I would describe fear as an unwanted feeling that prevents you from attempting something you think about, or long to accomplish. I can say without a doubt that I’ve been afraid. Many times, probably on a regular basis. For me, that fear can spill into major anxiety, and held me back from pursuing a career in tech.
As Karen Thompson Walker presents in her TED talk, What Fear Can Teach You, we are taught to think of fear as a weakness but humans are actually hardwired to be optimists. Think of when you were little and how you didn’t give two thoughts about going straight down a ski hill, or dove headfirst into the lake not questioning how cold it is.
So what happens to us, why are we afraid?
Self-belief can take you further than you imagined
Three years ago you’d find me terrified to tell my family I was going to quit my nursing career two years in, to pursue a career in tech and become a software developer. You’d find me fearfully thinking about going back to school, and what it would mean for my finances.
About moving from a career with mainly extroverted females, to one with a significant proportion of introverted males. Fearful of my own ability to be a developer. Fearful of not being smart enough, not good enough at math, not having a plan, having to go back to a “student” lifestyle… the list goes on.
I had so many thoughts of “what about this, or that”, and “what if…”. I’m sure I’m not the first person to think like this when making a decision.
It’s easy to avoid doing something because of fear. It slowly but surely creeps into our minds and sends us spiralling into the unknown of a million things that could happen (but probably won’t) as a result of taking action.
If there is one thing I have learned over the last few years, it’s that a little bit of hustle and belief in yourself can take you further than you ever imagined.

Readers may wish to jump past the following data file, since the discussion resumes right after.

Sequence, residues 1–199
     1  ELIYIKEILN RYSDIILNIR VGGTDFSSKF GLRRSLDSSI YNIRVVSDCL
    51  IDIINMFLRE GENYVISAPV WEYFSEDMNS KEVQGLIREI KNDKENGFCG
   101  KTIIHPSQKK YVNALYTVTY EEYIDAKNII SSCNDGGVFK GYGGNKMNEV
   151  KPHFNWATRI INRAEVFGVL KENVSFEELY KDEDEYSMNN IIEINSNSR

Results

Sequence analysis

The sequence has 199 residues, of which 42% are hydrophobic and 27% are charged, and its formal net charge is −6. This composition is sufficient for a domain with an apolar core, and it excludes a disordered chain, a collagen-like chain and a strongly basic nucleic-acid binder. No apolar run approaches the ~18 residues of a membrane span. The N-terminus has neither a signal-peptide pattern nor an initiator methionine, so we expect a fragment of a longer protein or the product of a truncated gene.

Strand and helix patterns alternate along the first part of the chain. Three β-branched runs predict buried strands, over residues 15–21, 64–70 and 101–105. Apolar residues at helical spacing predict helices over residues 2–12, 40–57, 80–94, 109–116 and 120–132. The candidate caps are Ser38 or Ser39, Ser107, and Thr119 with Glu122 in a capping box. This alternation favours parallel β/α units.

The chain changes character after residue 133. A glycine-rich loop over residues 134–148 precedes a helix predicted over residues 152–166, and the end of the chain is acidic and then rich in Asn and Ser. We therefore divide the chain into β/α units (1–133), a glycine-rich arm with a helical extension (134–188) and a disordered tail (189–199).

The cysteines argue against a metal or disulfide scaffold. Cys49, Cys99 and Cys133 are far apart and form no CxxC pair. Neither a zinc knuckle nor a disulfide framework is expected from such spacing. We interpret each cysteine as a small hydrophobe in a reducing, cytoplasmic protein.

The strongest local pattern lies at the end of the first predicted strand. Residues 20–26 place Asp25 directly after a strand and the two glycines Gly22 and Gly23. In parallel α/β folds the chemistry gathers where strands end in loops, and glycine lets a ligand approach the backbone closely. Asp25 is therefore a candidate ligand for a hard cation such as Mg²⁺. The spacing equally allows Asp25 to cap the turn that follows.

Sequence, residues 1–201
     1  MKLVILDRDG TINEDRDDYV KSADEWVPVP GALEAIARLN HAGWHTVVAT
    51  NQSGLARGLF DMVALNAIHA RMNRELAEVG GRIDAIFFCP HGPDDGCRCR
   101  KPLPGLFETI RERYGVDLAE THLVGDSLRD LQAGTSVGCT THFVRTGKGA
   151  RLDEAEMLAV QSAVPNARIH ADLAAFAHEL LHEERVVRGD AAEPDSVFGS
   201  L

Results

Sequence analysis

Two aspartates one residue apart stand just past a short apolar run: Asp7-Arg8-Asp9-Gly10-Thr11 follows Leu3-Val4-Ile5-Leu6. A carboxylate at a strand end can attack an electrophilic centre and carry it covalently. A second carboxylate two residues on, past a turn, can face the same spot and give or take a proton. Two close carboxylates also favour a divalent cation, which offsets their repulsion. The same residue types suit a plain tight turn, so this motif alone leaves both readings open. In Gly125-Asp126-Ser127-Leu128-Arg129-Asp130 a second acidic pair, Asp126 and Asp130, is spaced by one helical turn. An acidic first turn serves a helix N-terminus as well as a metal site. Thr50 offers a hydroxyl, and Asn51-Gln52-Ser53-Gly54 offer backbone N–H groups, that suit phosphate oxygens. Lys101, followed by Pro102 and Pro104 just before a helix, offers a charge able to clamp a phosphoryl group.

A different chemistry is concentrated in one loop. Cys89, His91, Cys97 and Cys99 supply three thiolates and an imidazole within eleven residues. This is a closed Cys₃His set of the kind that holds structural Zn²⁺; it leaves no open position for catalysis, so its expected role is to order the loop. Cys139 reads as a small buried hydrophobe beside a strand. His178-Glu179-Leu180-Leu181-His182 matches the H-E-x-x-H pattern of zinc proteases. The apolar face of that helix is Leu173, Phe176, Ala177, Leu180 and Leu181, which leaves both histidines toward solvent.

There are always things that stop us from chasing our dreams. For me, it was the fear that wanting to do software development was just something else that wouldn’t work out for me. I was in such a funk that I knew change was the only thing left.
Do the work, and have faith in yourself
I was lucky enough (and still lucky) to have an incredibly supportive partner. He taught me that when it comes to your happiness and mental wellbeing the only opinion that matters is your own.
So I started to immerse myself in tech culture. I started reading tech blogs, going to local tech meetups, and following tech girls on Instagram. That inspired me to chase my dream, to have a career in tech.
It’s certainly not all rainbows and butterflies. Going back to school was difficult. Losing motivation, and wondering if I made the right choice was a constant battle for me.
It might sound silly but the (tech) Instagram accounts I followed really helped me. It helped me to picture myself doing what I loved. I found computer science classes really difficult. I am a slower learner compared with most of the individuals in a typical computer science class. People would pick things up so fast it blew my mind.